-- Harry Murphy (harrymurphy@bigmailbox.net*), February 11, 2002.

your mother smells like fish!!!

-- john smith (smellyperson@angelfire.com), October 09, 2002.

i agree. your mother does smell like fish

-- me (me@hotmail.com), December 08, 2002.


-- mohen (rokfeler592000@yahoo.com), January 03, 2003.

All the previous answers are speculation, as is mine. I found, in my research on him that his last name was Marx. He came from Tennissee to S.F. Covered in tar, he billed himself as The wild man of Bornio and shouted "Oofty Goofty".

In the 1970's, I was hired by the City of San Francisco to play Oofty at the Hyde Street Pier for the summer. The other early S.F. characters were also there. Big Birtha and I did the balcony scene from Romeo and Juliet, I mailed myself to Sacramento in a box,as did the original Oofty and, yes, I did ask tourists to kick me for a dime or hit me with a baseball bat for 50 cents. Before you think me a masochist, I bent over, looked through my legs at the oncoming foot and became adept at dodging the blow. The baseball bat was padded and was only offered to people I knew would play along with the gag. For three months, I got into the character's head and, whether completely true to the original Oofty, I learned to respect his life choice and admire his courage.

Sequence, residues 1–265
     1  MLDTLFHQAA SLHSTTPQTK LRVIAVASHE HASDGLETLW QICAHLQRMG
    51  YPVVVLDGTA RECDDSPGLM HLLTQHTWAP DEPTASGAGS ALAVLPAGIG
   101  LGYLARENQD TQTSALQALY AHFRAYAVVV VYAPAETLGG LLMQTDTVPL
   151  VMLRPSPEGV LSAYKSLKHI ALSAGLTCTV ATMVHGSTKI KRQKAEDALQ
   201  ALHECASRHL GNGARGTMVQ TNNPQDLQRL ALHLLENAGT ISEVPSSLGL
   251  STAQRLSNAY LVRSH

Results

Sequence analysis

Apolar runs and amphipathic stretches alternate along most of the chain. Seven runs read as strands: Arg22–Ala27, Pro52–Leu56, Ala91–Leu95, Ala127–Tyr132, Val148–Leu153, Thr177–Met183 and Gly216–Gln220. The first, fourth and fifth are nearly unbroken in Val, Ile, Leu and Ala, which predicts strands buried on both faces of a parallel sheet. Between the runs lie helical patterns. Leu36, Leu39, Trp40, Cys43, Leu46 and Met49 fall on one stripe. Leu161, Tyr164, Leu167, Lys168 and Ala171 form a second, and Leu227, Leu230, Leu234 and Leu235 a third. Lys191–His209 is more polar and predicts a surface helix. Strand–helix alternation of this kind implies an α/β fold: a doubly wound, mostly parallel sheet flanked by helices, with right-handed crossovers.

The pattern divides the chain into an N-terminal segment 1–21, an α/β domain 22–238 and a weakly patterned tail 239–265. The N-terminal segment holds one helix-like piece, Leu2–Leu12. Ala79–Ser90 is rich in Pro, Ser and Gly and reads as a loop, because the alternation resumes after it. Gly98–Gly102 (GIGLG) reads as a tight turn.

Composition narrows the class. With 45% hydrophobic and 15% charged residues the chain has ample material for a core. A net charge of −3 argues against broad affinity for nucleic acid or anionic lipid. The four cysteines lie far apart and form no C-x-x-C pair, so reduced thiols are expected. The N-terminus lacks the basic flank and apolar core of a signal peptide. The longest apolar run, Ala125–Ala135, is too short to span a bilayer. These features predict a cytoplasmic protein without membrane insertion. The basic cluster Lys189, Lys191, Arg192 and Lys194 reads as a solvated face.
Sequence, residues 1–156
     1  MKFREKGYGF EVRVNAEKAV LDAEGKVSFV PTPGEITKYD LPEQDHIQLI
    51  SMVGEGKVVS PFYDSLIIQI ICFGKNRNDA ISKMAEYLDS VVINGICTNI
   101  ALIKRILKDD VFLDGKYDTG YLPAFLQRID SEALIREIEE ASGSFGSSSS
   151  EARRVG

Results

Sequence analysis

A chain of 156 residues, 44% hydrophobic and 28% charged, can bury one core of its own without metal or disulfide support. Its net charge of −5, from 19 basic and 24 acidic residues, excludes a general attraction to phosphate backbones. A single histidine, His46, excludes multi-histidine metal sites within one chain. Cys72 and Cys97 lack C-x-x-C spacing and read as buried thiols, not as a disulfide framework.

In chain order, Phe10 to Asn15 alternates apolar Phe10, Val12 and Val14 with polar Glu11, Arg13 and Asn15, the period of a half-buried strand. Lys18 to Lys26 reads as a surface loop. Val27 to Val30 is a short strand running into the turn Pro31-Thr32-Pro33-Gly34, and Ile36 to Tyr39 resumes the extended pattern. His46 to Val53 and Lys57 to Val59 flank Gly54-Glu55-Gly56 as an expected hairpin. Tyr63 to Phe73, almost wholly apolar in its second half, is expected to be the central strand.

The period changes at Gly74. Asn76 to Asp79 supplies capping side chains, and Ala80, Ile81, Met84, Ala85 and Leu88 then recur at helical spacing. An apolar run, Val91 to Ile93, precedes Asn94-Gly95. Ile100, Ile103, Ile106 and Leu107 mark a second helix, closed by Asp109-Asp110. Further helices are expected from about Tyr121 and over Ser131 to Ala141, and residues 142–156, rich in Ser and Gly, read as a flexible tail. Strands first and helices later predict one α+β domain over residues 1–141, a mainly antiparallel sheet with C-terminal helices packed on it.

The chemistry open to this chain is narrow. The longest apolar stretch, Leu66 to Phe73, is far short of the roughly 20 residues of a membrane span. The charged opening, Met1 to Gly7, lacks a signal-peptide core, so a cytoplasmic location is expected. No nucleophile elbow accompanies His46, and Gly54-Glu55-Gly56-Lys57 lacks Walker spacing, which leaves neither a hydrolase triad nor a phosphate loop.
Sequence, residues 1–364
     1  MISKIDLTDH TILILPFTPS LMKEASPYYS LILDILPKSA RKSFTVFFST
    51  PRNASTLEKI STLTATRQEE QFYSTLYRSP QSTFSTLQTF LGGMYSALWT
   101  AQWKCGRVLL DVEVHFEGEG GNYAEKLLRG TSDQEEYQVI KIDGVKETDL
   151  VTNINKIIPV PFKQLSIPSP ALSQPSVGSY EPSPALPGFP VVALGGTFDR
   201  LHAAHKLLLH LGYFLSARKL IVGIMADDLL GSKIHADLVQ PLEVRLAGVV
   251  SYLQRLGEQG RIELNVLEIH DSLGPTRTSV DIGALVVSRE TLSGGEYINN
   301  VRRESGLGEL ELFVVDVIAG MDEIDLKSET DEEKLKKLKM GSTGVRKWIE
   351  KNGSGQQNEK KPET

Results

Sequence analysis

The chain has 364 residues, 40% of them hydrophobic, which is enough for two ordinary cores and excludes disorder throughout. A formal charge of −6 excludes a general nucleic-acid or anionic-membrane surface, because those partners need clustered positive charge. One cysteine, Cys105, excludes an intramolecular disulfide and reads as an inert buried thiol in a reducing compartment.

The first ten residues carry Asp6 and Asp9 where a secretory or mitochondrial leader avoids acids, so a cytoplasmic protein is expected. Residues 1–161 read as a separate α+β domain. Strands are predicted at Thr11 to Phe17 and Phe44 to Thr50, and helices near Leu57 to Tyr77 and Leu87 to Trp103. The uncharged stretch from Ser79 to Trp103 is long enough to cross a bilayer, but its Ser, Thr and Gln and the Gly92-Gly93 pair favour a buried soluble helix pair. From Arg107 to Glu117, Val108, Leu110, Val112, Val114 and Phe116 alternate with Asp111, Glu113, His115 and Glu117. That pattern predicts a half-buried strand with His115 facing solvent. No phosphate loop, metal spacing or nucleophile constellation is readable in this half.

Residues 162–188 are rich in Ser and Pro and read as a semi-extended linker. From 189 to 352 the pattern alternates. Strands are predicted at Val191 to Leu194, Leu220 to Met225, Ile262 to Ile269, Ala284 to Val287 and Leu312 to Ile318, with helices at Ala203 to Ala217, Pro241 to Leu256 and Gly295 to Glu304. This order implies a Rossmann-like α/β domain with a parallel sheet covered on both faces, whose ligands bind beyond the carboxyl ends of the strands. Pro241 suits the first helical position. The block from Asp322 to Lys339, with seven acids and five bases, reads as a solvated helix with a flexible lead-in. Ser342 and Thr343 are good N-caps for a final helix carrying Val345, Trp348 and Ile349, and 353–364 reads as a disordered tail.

-- Dennis Day (ooft45@hotmail.com), April 08, 2004.